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Illuminate x Durham - Challengers of the Status Quo

Updated: Apr 18, 2021


Hi everyone! My name is Sahithya and I am a Grade 10 student at Pickering High School. Today, I had the pleasure to attend Illuminate x Durham’s regional conference. Here are my thoughts highlighting what I learned about.


Ilona Dougherty, the first Keynote Speaker, informed us during this conference that kids don't truly get the opportunity to contribute, as young people are seen as incomplete - a state of becoming an adult. Some don't value what young people have to offer AS young people. In reality, we kids have unique abilities that we only possess when we are young as our creativity is at its height and we are natural experimenters and risk-takers. Intergenerational collaboration is something that should be practiced more often and should be provided more opportunities for, as young people have much to contribute as we tap into our unique abilities!


The second Keynote Speaker, Cecile Fradin, was personally very enlivening for me because I want to be a researcher when I'm older and my dream school is McMaster University. Seeing and listening to a professor who teaches at this school, plus researches living systems allowed me to actively participate and pay attention since I found the information fascinating and I wanted to learn more. Cecile started off by saying how your parent's careers should not define your path, and this was something important because neither of my parents works in the science field, and I would be the first in my family to be interested in it. She spoke about Internships and introduced me to the idea of international studies which definitely was intriguing. Cecile also brought light to unconscious bias and stereotypes which was an eye-opener because I never thought that I would unconsciously be stereotypical towards the gender of a surgeon. Along with unconscious stereotypes, internalized stereotypes were also talked about, and the mental strains and burdens they may cause in the future. For example, the burdens a wife may have due to stereotypes like doing the dishes or worrying about what food is needed in the fridge.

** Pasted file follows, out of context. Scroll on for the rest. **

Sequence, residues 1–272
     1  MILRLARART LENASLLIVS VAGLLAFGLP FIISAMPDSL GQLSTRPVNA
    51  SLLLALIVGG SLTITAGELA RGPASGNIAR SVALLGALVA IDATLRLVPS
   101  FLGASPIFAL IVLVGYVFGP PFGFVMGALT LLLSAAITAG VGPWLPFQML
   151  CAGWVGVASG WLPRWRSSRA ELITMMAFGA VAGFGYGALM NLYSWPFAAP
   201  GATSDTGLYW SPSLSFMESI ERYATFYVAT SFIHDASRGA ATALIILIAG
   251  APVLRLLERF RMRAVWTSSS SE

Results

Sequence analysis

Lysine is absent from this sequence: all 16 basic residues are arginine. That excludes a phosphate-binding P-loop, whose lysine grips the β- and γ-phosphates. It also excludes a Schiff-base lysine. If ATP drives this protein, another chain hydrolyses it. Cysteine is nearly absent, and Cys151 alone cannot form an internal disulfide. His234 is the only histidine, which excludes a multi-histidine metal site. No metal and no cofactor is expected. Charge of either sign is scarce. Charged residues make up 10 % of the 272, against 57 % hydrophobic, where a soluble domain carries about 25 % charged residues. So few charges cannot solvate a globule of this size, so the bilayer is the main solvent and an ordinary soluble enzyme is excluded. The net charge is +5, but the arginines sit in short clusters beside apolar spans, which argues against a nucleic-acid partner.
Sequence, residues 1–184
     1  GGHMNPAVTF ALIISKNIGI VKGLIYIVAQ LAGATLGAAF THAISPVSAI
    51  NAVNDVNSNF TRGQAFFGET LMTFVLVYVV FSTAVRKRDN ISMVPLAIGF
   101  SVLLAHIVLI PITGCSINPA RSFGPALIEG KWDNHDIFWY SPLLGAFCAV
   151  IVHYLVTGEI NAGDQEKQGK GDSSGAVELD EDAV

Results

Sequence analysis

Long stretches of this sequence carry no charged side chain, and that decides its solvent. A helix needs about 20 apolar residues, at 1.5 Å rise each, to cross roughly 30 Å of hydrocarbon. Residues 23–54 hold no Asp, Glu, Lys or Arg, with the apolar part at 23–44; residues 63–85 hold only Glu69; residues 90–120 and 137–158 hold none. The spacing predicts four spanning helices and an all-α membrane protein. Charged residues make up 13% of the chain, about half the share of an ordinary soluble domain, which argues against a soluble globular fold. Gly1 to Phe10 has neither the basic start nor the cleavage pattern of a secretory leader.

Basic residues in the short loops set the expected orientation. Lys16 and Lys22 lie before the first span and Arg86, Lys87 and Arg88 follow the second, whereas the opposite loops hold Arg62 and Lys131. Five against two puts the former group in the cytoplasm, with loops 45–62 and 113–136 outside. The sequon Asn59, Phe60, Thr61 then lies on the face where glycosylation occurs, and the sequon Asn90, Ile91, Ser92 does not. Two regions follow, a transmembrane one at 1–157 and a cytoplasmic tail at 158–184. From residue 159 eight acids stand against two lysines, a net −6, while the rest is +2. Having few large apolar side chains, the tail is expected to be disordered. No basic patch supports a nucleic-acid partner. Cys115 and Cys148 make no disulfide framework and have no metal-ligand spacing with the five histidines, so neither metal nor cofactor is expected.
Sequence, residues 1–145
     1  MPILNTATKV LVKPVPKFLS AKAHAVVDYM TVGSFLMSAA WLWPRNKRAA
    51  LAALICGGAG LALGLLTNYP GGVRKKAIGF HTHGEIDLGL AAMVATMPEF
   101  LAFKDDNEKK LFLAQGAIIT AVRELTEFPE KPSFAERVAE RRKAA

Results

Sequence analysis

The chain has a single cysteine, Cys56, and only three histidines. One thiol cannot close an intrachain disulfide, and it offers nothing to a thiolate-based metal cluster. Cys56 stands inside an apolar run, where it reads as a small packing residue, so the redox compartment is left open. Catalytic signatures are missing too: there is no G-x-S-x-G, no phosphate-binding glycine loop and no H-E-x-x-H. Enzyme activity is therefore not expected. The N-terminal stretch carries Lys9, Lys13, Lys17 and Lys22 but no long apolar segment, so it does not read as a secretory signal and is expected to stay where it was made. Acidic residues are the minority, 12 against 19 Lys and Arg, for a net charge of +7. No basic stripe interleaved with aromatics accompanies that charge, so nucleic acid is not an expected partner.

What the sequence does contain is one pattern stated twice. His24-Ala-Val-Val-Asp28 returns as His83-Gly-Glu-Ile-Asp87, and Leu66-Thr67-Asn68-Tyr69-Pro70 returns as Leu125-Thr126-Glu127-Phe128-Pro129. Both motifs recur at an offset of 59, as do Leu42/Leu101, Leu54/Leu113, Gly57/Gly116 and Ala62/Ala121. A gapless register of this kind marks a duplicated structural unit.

Mackenzie Clark spoke to us about Imposter syndrome and what exactly it is. She told us that it was okay to feel this way and that those who struggle with this are not alone, as she first-hand experiences this as well. I've learned that some of the things people with Imposter Syndrome may feel/do include;

  • chalking your success up to luck, timing, or computer error

  • believing “If I can do it, anybody can”

  • agonizing over even the smallest flaws in your work

  • seeing constructive criticism as evidence of “ineptness”

  • When succeeding, secretly feeling like you fooled them again

  • worrying that it’s just a matter of time before you’re “found out”

I am grateful that I was taught about Imposter Syndrome at a young age, so I am able to pinpoint what I am feeling and why I'm feeling this way. Whenever I feel like I'm not good enough in the future, I can relieve my stress by doing things I enjoy and I know I'm good at, like reading a book, or baking.


The last Keynote speaker during this conference was Andrea Gunraj. She spoke about human rights and leadership. Making sure you do the right thing and helping others was what Andrea was teaching us, but she goes deeper into it. She taught me that doing good for others also relates to you psychologically, and your thoughts before taking action and doing something. Specifically, she says that prioritizing yourself and telling yourself you will help others in the future is a decision you will come to regret. A simpler decision is to help others along the way. This alternative allows you to be successful AND be a great leader. Thanks to this presentation, doing these two tasks together is something I will take with me and will be working on - helping others, something I enjoy doing, while satisfying myself with my accomplishments!


This was my first time partaking in an activity like this and it was definitely a new experience. Since the pandemic began last year, my social skills have definitely been lacking due to the fact that I was not able to communicate with others as much as I would like. Illuminate x Durham has allowed me to step out of my comfort zone and participate more during our meetings every week on Fridays and engaging in the activities during the calls. The weekly tasks also allowed me to expand my ideas and thinking outside of the box, especially for the case study. In addition to this, I was able to make new friends that I was able to connect with because of the weekly tasks and became very close within the end! This was an amazing opportunity and I learned new things that I will definitely take with me and use in the future!